Question 1. Organizations as Complex Systems. (16 points). Using the 7S model, please identify two S’s that Mr. Nardelli has changed successfully, and two S’s that he has not changed successfully or is having trouble changing successfully (in that he is needing to replace a large number of people, etc. to accomplish the changes). For each, please name the “S” and in 2-3 sentences explain why you say that he has or has not changed the “S” successfully. Home Depot had an enormous growth of achieving $40 billion in revenue in 20 years. However its sales started to stagnate, unable to cope up with the fast growth. Mr Nardelli identified some of the problems, key being appropriate structure and systems to support a strategic growth …show more content…
People were trained to develop subordinate leaders. Power systems – to squeeze out efficiencies out of the core business to fund the new business. An example is centralized purchasing which needs a very strong process and technology backing to consolidate, route, procure and distribute the inventory. Not Changed Successfully 1: Name of the S: Shared Values Explanation: Home Depot had a decentralized and entrepreneurial retail culture that focused on knowledge of the industry, customer service, empowering employees and collaboration. Mr Nardelli converted this culture to a command control and performance focused. The performance was measured by operational efficiency and cost reduction. The decisions were made at corporate and managers had to comply with the strategy. So the need was for people who could execute the decisions mechanically without questioning the management. This is a typical manufacturing culture. Mr Nardelli forced this culture in Home Depot with no knowledge of retail or prevalent culture of Home Depot. A highly fearsome culture was brought in that penalized entrepreneurship and risk taking – huge numbers of people were terminated at executive and managerial level. The experienced senior people were replaced by low wage part timers to cut costs. While wage of employees was not increased,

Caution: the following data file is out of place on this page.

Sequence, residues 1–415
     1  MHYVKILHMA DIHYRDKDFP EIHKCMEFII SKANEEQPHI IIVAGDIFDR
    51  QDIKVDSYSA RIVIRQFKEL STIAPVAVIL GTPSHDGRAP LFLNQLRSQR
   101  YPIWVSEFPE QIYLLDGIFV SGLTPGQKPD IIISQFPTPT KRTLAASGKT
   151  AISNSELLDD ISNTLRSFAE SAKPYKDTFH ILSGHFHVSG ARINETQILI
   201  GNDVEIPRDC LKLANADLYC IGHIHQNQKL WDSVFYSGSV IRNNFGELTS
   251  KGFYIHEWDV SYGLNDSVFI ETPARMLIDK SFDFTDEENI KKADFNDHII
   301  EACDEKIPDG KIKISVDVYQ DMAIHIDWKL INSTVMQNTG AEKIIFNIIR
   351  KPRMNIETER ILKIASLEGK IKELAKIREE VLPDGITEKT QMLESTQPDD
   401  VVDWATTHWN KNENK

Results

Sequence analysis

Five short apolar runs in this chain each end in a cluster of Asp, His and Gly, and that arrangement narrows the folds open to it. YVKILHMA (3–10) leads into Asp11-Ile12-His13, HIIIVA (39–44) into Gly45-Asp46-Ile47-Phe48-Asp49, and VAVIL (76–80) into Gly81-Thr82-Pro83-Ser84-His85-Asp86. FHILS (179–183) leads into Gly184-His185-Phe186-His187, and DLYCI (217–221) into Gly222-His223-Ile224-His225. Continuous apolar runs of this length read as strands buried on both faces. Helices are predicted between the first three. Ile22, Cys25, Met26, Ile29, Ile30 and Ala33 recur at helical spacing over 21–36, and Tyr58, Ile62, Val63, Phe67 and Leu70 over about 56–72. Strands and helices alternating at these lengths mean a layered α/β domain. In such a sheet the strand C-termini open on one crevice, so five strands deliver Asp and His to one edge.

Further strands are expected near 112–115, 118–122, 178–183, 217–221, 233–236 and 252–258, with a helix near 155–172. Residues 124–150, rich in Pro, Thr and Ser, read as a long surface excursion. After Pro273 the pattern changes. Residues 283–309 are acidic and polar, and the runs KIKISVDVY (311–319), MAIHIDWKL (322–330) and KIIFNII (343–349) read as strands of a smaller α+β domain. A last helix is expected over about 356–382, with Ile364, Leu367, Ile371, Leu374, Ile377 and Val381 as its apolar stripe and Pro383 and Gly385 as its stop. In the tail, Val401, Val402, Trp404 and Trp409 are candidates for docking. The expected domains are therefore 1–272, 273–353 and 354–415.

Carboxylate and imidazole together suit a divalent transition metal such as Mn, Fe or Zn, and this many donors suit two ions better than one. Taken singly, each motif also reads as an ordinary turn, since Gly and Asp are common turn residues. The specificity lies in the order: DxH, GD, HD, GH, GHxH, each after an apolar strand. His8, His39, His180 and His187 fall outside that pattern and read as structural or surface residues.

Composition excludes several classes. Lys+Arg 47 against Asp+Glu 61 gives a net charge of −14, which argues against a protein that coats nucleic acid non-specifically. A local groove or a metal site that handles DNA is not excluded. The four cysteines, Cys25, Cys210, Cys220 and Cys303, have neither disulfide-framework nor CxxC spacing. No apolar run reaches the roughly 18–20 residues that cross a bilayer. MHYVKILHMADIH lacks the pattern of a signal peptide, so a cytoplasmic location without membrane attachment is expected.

Home Depot is a leader in the home improvement retailer industry. While many companies are falling behind Amazon and Walmart, Home Depot continues to beat its earnings estimates and attract investors. This part of the report will analyze the core competencies, strengths, and weaknesses of Home Depot to give insight into its recent successes and interpret possible downfalls.
The company likewise has already employed various strategies in order to maintain the high growth rate of the company. However these strategies is soon to reach its capacity to ensure growth. Based on the case as well, what seems to be lacking in the strategies that the company employed before is marketing, control of costs, and